Celebrate Ascension Day today with a painting of Christ embraced by a winged man in “Jesus Returns to God,” the most controversial image in Doug Blanchard’s gay Passion of Christ series.
Christian tradition emphasizes that the resurrected Jesus ascends bodily — in the flesh — up into the clouds of heaven. Therefore it is appropriate for the Ascension painting to have a physical, erotic component, even though it upsets some viewers.
The Feast of the Ascension commemorates Jesus rising to heaven. Blanchard, a gay New York artist, paints a queer version as part of his series about Jesus as a contemporary gay man in a modern city. The 24 paintings in “The Passion of Christ: A Gay Vision” are available as a blog series and book with reflections by Los Angeles lesbian author Kittredge Cherry. The following reflection is an excerpt from the book.
“O that you would kiss me with the kisses of your mouth!” — Song of Songs 1:1
A winged man carries Jesus skyward in “Jesus Returns to God” from “The Passion of Christ: A Gay Vision,” a series of 24 paintings by Douglas Blanchard. The loving couple seems to dance in a mystical homoerotic union. Jesus, shirtless and wearing blue jeans, swoons in the arms of someone who appears to be an angel. But a close look reveals that they both have crucifixion wounds on their wrists. Jesus is embraced directly by God!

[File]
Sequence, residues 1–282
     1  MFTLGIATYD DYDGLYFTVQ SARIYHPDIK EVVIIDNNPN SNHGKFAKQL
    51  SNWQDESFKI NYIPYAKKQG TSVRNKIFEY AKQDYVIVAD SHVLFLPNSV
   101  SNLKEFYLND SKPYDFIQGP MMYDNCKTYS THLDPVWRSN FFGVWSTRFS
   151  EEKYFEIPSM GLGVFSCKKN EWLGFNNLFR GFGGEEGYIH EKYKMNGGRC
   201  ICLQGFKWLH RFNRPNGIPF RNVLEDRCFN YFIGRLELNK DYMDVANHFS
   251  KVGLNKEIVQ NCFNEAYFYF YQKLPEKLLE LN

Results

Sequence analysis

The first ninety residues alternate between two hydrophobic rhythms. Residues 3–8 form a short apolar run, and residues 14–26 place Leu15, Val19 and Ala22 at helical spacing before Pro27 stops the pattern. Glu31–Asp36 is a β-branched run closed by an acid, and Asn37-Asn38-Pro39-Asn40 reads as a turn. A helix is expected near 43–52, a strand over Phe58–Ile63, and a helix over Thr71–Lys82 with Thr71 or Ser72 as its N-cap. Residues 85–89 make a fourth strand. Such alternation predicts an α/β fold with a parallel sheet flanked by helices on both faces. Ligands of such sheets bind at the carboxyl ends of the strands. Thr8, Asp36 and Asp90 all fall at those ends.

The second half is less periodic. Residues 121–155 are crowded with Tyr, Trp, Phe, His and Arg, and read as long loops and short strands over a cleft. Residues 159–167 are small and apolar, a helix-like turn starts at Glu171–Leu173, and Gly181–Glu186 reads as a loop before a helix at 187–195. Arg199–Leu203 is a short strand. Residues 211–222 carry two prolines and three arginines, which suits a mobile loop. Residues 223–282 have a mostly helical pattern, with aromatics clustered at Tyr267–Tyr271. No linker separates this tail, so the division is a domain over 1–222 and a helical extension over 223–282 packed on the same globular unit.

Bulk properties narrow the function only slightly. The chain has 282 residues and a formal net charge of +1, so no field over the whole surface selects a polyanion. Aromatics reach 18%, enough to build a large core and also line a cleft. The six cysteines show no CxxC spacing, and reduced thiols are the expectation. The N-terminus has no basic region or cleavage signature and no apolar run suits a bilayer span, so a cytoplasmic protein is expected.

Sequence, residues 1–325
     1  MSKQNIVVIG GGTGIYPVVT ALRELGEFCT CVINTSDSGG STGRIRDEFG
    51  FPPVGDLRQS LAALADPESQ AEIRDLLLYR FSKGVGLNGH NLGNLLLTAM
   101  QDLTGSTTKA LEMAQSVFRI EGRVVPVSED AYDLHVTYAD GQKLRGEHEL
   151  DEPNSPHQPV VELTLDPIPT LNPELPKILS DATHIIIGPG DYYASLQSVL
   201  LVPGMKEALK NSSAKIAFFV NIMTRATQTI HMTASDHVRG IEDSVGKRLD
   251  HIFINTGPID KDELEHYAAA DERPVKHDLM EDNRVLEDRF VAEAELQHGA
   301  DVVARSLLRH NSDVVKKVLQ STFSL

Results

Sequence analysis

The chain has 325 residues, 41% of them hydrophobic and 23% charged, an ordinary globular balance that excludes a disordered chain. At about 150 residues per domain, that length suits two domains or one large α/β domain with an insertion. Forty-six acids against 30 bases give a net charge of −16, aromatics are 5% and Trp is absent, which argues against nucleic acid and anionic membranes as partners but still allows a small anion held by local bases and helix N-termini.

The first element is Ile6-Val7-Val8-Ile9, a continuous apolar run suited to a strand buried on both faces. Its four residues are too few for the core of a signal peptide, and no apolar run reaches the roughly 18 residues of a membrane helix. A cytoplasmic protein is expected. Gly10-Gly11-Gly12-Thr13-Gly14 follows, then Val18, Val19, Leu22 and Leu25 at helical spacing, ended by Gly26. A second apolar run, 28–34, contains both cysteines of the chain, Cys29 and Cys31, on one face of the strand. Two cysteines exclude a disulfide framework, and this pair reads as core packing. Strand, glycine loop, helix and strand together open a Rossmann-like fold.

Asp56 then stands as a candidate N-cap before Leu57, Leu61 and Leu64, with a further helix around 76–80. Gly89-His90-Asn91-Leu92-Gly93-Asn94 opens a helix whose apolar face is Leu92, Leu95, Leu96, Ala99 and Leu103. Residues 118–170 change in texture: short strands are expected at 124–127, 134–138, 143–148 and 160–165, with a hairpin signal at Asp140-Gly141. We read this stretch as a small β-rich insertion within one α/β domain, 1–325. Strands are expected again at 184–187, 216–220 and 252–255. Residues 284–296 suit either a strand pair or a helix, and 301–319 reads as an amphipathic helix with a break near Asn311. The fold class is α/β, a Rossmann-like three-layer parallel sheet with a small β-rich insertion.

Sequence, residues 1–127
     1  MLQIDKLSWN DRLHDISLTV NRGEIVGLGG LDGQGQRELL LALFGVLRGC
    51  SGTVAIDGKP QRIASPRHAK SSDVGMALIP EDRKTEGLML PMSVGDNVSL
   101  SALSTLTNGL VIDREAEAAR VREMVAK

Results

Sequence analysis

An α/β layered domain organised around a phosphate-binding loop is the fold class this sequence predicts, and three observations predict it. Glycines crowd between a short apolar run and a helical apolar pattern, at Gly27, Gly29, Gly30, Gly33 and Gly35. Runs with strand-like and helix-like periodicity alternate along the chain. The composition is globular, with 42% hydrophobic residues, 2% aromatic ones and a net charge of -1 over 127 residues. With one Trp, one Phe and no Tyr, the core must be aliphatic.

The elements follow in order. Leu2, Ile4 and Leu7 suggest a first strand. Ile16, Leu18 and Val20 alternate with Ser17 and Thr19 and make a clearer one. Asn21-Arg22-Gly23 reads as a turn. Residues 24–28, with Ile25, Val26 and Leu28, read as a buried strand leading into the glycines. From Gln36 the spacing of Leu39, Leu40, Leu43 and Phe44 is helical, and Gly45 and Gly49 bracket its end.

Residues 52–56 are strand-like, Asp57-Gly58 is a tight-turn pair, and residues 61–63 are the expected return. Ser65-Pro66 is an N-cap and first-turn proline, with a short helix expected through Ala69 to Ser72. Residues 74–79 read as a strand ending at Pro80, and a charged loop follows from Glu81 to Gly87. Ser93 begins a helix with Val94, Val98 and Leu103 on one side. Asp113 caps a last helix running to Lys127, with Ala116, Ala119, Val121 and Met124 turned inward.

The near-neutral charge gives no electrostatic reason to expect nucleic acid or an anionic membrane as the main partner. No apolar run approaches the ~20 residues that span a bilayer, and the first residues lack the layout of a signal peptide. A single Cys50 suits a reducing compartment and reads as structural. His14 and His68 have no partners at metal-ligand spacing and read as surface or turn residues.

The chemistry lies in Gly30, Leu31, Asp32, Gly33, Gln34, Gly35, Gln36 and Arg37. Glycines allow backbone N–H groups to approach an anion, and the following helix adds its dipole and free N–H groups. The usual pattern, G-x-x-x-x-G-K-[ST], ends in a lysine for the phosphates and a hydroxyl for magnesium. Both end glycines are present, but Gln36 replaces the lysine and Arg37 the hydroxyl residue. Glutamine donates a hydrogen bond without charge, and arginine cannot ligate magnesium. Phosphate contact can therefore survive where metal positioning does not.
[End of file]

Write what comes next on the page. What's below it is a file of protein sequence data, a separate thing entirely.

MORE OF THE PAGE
|Detail from “Jesus Returns to God”|
Two young men dance skyward in the mystical homoerotic union of “Jesus Returns to God”. Jesus, shirtless and wearing blue jeans, swoons in the arms of a winged dance partner who appears to be a hunky male angel. But they both have crucifixion wounds on their wrists. Jesus is embraced directly by God! The position of their arms suggests a ballroom dance, perhaps a waltz, with God’s hand planted firmly on Jesus’ bottom.